Arne Svenson, The Workers @Julie Saul

JTF (just the facts): A total of 14 color photographs, framed in white and unmatted, and hung against white walls in the main gallery space and the entry area. All of the works are pigment prints, made in 2014. Each is oval sized (on rectangular paper, sized roughly 31×27), and available in editions of 5. (Installation shots below.)

Comments/Context: Lawsuits and frothing media hype notwithstanding, Arne Svenson’s now famous project of telephoto-lens apartment scenes (The Neighbors) was never really about gotcha voyeurism or invasive surveillance, and his most recent pictures documenting unsuspecting construction workers in the midst of their various tasks (The Workers) aren’t either. Both are actually rooted in the elemental found gesture (a time honored photographic approach) and the hidden grace that can be discovered in the mundane when it is deftly isolated and reframed by the eye of a photographer. Svenson’s newest images step back from the edge of social exploitation a step or two, and will likely pass without the outraged fervor that was applied to the previous work – we’re back to seeing them simply as photographs, rather than as controversial intrusions.

Svenson has introduced an oval format to these new images, embracing his chosen fragments with, depending on your perspective, the intimacy of a locket, the up closeness of a pair of binoculars, the cropped view of a porthole, or the elegance of an Old Master painting or a childhood silhouette. The tightness of the perspective turns anonymous arms, heads, and backs into sculptural forms, with a scrim of plastic sheeting, a paint splattered ladder, or a window frame providing a layer of compositional interruption.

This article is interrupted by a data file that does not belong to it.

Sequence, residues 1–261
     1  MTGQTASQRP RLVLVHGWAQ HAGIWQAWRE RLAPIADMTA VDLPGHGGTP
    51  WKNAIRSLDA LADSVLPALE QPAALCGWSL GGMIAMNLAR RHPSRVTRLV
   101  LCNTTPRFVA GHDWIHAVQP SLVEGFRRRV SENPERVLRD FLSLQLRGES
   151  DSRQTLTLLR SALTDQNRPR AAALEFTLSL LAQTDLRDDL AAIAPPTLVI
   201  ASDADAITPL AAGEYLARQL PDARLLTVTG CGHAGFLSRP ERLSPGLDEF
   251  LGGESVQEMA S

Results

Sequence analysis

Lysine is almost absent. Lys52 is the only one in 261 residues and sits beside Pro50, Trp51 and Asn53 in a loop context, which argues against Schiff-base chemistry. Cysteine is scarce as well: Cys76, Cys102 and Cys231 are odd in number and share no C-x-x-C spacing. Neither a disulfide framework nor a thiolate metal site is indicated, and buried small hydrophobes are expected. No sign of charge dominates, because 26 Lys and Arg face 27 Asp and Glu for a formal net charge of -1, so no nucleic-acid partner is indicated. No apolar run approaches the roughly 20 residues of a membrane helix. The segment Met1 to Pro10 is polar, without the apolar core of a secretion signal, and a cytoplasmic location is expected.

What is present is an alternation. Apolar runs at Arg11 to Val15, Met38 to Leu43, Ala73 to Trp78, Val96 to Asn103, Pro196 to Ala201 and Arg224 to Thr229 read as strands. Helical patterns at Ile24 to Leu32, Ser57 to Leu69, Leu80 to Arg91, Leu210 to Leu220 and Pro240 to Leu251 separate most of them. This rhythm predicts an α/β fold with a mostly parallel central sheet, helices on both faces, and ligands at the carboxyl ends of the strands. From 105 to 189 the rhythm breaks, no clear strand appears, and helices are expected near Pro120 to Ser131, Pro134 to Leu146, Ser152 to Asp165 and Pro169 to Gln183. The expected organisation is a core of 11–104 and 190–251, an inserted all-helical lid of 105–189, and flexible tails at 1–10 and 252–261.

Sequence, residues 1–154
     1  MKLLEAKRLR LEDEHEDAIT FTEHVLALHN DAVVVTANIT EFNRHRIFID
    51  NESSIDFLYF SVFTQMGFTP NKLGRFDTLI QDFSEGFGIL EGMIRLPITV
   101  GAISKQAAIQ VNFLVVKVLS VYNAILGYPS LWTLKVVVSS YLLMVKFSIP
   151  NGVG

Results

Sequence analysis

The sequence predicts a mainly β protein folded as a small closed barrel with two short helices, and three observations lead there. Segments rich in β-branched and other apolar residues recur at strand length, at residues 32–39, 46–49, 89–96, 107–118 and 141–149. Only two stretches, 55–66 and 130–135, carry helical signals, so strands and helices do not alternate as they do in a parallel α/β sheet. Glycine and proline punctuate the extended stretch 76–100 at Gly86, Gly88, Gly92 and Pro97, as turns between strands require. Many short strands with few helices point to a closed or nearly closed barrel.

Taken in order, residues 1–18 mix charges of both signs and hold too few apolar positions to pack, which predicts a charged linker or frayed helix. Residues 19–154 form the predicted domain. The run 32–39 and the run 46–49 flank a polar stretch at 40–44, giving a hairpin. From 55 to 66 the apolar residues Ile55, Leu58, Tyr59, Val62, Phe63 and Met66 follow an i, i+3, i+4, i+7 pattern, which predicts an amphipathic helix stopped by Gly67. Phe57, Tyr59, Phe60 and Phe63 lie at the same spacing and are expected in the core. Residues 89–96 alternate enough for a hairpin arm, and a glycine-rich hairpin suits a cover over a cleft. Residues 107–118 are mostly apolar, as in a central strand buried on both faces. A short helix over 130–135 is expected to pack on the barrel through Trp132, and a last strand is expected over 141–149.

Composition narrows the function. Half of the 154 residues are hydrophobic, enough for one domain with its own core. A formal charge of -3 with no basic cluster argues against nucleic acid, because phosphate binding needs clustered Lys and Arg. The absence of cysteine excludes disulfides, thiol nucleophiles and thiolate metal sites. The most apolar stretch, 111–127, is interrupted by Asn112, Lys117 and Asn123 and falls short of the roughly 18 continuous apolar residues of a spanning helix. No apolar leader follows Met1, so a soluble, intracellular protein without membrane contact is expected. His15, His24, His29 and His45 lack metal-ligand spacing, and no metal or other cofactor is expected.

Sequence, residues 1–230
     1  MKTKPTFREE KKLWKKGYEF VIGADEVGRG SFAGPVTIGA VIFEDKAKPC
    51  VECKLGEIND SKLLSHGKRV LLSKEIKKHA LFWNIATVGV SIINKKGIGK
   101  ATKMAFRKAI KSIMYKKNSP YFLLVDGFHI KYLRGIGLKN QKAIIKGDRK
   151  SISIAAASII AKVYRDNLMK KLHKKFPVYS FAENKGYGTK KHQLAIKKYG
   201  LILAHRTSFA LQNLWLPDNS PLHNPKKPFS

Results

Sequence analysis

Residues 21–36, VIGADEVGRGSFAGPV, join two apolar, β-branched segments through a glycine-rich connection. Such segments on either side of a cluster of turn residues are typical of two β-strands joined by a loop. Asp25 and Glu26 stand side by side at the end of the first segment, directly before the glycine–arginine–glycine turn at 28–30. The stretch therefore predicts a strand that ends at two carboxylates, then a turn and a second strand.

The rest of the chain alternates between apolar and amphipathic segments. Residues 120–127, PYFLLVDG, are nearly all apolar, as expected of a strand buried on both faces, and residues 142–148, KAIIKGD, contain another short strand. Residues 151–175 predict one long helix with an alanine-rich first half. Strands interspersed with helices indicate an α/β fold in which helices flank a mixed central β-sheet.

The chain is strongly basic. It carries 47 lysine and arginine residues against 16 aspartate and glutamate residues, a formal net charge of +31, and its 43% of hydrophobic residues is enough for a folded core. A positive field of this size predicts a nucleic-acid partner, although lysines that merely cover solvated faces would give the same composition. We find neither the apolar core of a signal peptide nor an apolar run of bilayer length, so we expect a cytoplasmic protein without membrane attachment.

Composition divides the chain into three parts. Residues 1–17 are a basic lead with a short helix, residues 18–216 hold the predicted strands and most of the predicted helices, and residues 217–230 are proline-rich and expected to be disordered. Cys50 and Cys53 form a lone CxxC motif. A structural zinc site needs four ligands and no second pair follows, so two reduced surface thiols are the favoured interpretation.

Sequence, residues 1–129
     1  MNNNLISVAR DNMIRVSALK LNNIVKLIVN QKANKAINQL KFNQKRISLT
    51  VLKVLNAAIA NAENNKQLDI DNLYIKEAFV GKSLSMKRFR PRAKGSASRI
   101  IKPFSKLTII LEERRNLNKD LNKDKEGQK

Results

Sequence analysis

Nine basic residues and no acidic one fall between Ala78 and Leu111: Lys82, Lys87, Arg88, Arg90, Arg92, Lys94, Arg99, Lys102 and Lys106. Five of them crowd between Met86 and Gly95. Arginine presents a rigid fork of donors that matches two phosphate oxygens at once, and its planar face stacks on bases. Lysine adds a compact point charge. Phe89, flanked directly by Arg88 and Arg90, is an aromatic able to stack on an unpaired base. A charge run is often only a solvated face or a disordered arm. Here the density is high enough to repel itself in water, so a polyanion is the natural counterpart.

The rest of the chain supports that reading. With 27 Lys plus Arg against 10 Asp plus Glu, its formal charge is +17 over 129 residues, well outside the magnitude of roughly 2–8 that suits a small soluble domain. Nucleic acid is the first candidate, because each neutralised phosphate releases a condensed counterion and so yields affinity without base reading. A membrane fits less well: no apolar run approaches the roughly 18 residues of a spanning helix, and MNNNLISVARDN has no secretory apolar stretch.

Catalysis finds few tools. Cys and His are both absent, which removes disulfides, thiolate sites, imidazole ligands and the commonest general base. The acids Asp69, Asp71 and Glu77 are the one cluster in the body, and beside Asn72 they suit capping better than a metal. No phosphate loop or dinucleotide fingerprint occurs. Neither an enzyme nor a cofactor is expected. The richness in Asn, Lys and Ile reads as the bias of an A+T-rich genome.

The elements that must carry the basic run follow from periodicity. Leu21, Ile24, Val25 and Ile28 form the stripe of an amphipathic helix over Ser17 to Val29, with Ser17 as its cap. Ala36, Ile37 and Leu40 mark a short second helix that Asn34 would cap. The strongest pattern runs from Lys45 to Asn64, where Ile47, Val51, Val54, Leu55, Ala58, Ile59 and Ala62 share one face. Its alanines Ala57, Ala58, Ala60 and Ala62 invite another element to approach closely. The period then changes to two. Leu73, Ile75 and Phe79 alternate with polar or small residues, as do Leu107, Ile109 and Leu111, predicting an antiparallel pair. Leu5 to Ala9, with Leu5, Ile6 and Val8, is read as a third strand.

Heads and faces are covered by baseball hats, bandannas, scarves, towels, and dust-prevention masks, turning recognizable people into something more universal, where the frozen movement of elbows and hands and the subtle turns of torsos provide all of the “action”. As a result, we step back and see these photographs for their classic formal qualities – the warmth of the light and color palette, the positive and negative space created by the bodies, and the simple grace of what just a few details can evoke, even in the roughest and most unlikely of circumstances.

In this way, the bustling chaos of construction becomes a kind of dance, where each isolated movement has an inherent beauty of its own. It’s surprisingly difficult to make pared down pictures that tell rich stories with a minimum of elements, but Svenson has largely been successful in his efforts to make due inside this purposefully constrained visual system. A white set of headphones can become an echo of Vermeer, and a pair of doubled elbows can turn into marching abstract chevrons. He’s offered us an obvious connection to an art historical past, but reimagined it with a light touch, finding simple faceless grace amid the dust.

Collector’s POV: The prints in this show are priced at $5500 each (a smaller 14×11 size is also available, at $2500 each). Svenson’s work has little secondary market history at this point, so gallery retail remains the best option for those collectors interested in following up.

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